Here are some of the stories from around the Arctic that we've been following this week:

The future of Svalbard

As Svalbard, in the Norwegian Arctic, pivots away from coal, a Reuters report looks at the archipelago's future in photos and video. Tourism, up in recent years, is one potential economic driver. Scientific research is another; recent research from the islands includes startling revelations about the unusual behavior of marine life in winter, the prevalence of microplastics in the ocean, and pulsating movements of glaciers there. Whatever the future holds for Svalbard, an unlikely player may be part of the mix; North Korea signed the Svalbard Treaty in January, giving it the right to conduct research and economic activity there.

Arctic shipping makes small strides

In a small milestone for Arctic shipping, Chinese shipper COSCO and the American Bureau of Shipping, a classification and technical services nonprofit serving the industry, agreed to work together, in an "aim to expand COSCO's use of the Northeast Passage for more regular trading, explore navigation in Northwest Passage, and develop ice-classed vessel types appropriate for Trans-Arctic shipping," according to coverage from industry news site Hellenic Shipping News. Meanwhile, as the prospect of shipping grows, so do efforts to ban heavy fuel oil in the region's waters, culminating in a letter from 15 organizations timed to coincide with a meeting in Sweden by the Arctic Council's environmental working group, reports Al Jazeera America.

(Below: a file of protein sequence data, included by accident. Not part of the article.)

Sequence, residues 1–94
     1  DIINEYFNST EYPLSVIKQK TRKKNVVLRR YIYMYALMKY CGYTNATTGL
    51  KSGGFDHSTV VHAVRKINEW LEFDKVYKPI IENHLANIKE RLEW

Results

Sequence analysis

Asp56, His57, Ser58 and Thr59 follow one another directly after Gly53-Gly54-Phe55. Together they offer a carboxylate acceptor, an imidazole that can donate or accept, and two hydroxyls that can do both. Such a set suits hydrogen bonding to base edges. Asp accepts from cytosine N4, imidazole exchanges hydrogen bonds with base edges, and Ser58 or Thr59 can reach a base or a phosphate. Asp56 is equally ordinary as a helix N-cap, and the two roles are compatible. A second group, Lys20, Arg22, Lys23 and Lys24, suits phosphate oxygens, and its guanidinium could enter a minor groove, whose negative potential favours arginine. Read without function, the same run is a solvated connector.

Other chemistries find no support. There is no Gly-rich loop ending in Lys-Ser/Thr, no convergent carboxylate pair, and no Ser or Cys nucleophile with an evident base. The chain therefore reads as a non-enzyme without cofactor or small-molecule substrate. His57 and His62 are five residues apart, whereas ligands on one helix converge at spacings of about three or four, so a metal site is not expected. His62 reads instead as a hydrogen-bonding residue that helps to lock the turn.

Arctic sea ice shows more signs of decline

The extent of Arctic Ocean sea ice last month was the lowest on record for January, according to a the National Snow and Ice Data Center, which tracks the ice. A freak storm brought freezing-point temperatures (about 50 degrees above normal) to areas around the North Pole late in December, perhaps contributing to the low levels of ice, a USA Today report points out. But the record low levels also come on the heels of a September that saw one of the lowest minimum extents on record. A new animated video from Hakai Magazine explains how, with the feedback loops of the "New Arctic," the Arctic Ocean is now contributing to the shrinkage of its own ice cap.

Can Arctic research find the right focus?

The Arctic is the focus of an outsized body of research, with more being done all the time. And increasingly, researchers, residents and policy makers have called for more holistic research. But that hasn't really happened, according to one team examination of research grants. "So what's the problem? One possibility is that tackling such applied questions requires scientists to stretch outside their comfort zone," writes Arctic Deeply in a detailed piece on the study and the subject. "Others say the Arctic may simply be changing too fast for traditional scientific establishments to keep pace." One attempt to circumvent such limitations is underway now, as the Arctic Council launches an online survey with a holistic scope as part of its One Health initiative, the CBC reports.

Further reading:

- Why didn't Shell find significant quantities of oil in Alaska's Chukchi Sea? One longtime North Slope geologist has a theory that has to do with the region's unusual geology. He explains in the newsletter of the American Association of Petroleum Geologists.

- Will Norway develop its Arctic natural gas reserves? That depends on whether the EU makes gas part of its emission reduction strategies.

- As it melts, Greenland's ice sheet is releasing as much phosphorus into the oceans as the Mississippi River does.

- The Arctic isn't the only U.S. region in line to get a new icebreaker; the Great Lakes will too.